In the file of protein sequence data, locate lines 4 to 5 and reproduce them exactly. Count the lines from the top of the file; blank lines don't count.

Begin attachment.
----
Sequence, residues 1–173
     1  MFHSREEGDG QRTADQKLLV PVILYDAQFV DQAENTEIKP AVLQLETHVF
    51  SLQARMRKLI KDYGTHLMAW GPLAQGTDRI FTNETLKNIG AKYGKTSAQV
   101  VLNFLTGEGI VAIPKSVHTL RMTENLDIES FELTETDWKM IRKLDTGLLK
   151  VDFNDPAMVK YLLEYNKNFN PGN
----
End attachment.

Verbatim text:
   101  VLNFLTGEGI VAIPKSVHTL RMTENLDIES FELTETDWKM IRKLDTGLLK
   151  VDFNDPAMVK YLLEYNKNFN PGN